Video itself is one of the most powerful mediums of communication. Even since the time of black and white television sets, every evolution of video has seen the format boom in popularity, triggering further developments in tech and innovative uses of the format. Consider the modern media management sector, a whole ever-evolving industry built around the management of one thing: video assets.
It’s not difficult to understand why video is so prolific. Humans are inherently lazy beings. Much of the inventions and innovations developed over the last century have stemmed from the need to quicken processes and reduce labour – the tractor, the computer, the lightbulb. Video is arguably an extension of this – it’s much easier to consume than text, but its efficiency is much higher than that of images, given how much information video can communicate in just a few seconds.
Video has become so omnipresent in our day-to-day lives that we sometimes don’t even realise how much information we have absorbed from it. Not only does video engage our sight, it’s multidimensional, stimulating aural senses and in some cases, evoking memories and therefore feelings. Videos are special simply because of their ability to tell stories, and stories are how we learn. Many of us will remember the order of the planets in our solar system because ‘My Very Educated Mother Just Served Us Noodles’. Then there’s the allegory of the Tortoise and the Hare – children learn by being told stories, and the best thing about them? They’re difficult to forget!
Compared with other formats, video content holds a viewer’s attention for significantly longer. Research shows that people spend longer on a web page that contains a video than they do on a web page that does not – over double the time, according to one study. This type of data tells us that video is pretty engaging. But unfortunately, many of us are guilty of judging the success of a video by how many views it has had, and this is no indication of whether it encouraged any type of meaningful engagement from viewers.
Nowadays, with so much content thrown at the consumer (100 million hours of videos are watched on Facebook every day) it’s becoming much more difficult to engage them – picture the endless scrolling of Facebook users, watching a few seconds of one video before scrolling to the next. Speaking on the company’s third quarter earnings call, Facebook’s Mark Zuckerberg said that video is too often a “passive consumption experience” and the time spent watching it should not be “a goal in itself”.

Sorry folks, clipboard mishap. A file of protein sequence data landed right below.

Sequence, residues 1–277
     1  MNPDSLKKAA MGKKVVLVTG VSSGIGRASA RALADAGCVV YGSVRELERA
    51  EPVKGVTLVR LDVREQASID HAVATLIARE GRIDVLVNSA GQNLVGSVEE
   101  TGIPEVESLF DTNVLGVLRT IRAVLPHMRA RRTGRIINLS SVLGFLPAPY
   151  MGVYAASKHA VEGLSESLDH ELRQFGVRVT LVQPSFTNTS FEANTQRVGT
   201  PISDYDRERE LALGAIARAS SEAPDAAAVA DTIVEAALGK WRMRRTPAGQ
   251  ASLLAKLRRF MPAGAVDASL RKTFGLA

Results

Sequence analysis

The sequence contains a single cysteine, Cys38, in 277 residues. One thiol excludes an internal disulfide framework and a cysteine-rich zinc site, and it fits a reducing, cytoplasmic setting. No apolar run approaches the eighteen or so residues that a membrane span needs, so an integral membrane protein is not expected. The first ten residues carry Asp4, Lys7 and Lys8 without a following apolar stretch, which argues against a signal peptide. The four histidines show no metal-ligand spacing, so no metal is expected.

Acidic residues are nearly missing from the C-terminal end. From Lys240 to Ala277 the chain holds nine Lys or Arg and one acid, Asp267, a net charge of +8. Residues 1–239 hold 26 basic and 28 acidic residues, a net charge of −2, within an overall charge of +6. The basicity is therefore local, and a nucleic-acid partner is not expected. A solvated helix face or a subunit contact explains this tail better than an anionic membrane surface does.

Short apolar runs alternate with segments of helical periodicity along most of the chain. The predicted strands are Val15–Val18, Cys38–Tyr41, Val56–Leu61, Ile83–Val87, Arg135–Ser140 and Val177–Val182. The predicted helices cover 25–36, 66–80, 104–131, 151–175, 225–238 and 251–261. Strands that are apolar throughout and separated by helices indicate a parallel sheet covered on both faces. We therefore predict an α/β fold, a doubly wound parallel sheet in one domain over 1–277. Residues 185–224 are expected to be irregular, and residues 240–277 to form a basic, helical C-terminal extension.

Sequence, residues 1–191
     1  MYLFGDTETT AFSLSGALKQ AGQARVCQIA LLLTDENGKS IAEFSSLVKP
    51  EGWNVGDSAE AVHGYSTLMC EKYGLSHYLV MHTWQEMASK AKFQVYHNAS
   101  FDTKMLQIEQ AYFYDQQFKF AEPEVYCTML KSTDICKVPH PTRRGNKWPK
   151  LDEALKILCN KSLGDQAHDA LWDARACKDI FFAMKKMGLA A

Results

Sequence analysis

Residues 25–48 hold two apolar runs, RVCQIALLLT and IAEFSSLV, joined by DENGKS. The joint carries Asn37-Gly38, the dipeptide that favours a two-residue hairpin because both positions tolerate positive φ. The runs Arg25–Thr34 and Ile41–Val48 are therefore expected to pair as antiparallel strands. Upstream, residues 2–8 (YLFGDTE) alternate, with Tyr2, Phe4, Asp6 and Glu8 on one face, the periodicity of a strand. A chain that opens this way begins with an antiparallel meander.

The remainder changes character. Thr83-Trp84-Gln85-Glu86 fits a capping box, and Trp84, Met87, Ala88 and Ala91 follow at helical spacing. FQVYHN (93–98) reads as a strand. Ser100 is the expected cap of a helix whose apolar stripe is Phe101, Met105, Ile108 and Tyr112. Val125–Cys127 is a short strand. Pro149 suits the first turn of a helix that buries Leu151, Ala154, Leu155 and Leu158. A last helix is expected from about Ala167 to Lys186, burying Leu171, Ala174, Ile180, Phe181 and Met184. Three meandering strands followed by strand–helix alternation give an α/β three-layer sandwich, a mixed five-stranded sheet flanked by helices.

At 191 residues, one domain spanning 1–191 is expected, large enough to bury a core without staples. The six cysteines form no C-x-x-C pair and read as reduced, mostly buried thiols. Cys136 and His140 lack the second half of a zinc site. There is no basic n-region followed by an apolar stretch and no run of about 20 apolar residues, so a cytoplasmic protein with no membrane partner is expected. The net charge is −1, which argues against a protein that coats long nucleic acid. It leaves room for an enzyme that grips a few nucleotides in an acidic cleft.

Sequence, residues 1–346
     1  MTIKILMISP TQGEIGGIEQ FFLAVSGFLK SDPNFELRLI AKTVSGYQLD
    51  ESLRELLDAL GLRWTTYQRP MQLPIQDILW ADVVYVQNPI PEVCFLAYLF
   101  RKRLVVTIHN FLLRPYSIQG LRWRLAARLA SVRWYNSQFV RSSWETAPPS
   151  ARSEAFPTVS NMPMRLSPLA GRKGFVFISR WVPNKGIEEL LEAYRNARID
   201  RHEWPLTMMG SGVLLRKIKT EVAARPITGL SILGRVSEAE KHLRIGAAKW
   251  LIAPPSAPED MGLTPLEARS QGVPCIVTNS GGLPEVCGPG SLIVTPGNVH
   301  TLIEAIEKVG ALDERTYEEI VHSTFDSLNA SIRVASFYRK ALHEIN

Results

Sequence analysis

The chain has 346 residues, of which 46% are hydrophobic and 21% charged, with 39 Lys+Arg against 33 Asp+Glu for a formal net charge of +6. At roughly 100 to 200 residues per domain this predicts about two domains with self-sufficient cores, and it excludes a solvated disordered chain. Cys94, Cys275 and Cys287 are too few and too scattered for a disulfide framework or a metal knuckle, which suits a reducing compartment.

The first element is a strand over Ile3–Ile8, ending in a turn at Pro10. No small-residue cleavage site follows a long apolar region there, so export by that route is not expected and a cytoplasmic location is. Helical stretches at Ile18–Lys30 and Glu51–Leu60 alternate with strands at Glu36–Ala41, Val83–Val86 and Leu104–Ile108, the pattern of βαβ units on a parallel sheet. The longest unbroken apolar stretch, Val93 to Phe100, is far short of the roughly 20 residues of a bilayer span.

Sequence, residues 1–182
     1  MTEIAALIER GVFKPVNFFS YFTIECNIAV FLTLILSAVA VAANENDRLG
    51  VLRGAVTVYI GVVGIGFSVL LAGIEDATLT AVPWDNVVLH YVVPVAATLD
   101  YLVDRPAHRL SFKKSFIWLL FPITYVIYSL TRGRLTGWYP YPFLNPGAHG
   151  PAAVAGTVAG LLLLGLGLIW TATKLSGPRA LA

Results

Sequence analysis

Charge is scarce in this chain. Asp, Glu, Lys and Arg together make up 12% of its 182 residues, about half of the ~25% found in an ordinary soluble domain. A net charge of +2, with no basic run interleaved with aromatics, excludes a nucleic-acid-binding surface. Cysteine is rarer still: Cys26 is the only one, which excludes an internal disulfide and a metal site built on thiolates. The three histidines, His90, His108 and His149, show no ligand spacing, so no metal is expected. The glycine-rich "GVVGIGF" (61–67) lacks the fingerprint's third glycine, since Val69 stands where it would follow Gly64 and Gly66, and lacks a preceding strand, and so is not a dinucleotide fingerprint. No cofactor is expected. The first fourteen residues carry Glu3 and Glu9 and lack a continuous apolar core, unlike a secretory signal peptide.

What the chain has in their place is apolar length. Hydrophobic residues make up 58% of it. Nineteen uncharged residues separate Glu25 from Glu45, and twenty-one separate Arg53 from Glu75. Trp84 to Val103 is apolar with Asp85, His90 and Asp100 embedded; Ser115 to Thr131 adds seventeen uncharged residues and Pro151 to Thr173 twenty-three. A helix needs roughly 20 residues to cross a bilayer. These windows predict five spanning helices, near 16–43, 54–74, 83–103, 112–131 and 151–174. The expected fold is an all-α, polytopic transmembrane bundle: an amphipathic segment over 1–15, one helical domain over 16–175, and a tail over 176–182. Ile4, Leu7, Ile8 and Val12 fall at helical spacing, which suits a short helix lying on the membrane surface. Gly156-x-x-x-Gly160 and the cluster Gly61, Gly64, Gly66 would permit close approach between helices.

Video creators must avoid targeting content to the widest audience possible, often meaning the lowest-common-denominator, and personalise messaging to specific groups of individuals. This way, as long as the video content is more meaningful, they can ensure what they get back from the viewer is also meaningful and more valuable.
One such industry making use of personalisation to drive video engagement is the marketing sector. In fact, 73 percent of B2B marketers say that video positively impacts marketing ROI and Jim Nail, principal analyst at Forrester, predicts that this will be enough to warrant more investment:
We believe that personalised video will command increasingly larger portions of advertising and marketing budgets due to its ROI improvement over traditional video content and other outbound methods of communication.
Brands and companies often have so much information about their consumers that it would be criminal not to consider personalising video messages to individual viewers. A personalised message can combat the constant overload of information facing the average viewer, pulling us out of the habit of perpetual scrolling. The average person might track a video’s success by how many views it totals, but this just rewards passive attention, regardless of engagement. The corporate video producer must instead take the level of interaction for a video as an accurate measure of its success.
As of 2015, Facebook itself will now boost a video’s organic reach depending on whether it deeply engages viewers. It makes this decision based on whether a viewer turned on the sound or made the video full screen, judging that these are good signs a viewer wanted to watch the content. It might seem strange, but if you want to reach a bigger audience, make your videos targeted to the right individuals.
Why is Video Such a Powerful Tool?
Good videos tell memorable stories. Think about the last time someone told you a story, whether you voiced it or not, I bet your initial response was to use a similar memory or experience to empathise with the person telling the story. That’s not to say only sad stories can evoke empathy. A powerful story stimulates the same part of the brain that would ‘light up’ if you actually experienced the event in the story. Were someone to describe their first half-marathon, your motor cortex – or the part of the brain concerned with movements – would light up.
Videos telling stories evoke emotional reactions, causing viewers to take action or find out more. When we personalise these stories, we can discover a way of maximising the reaction, meaning more valuable engagement with the video content, and ultimately, a more powerful tool for communication.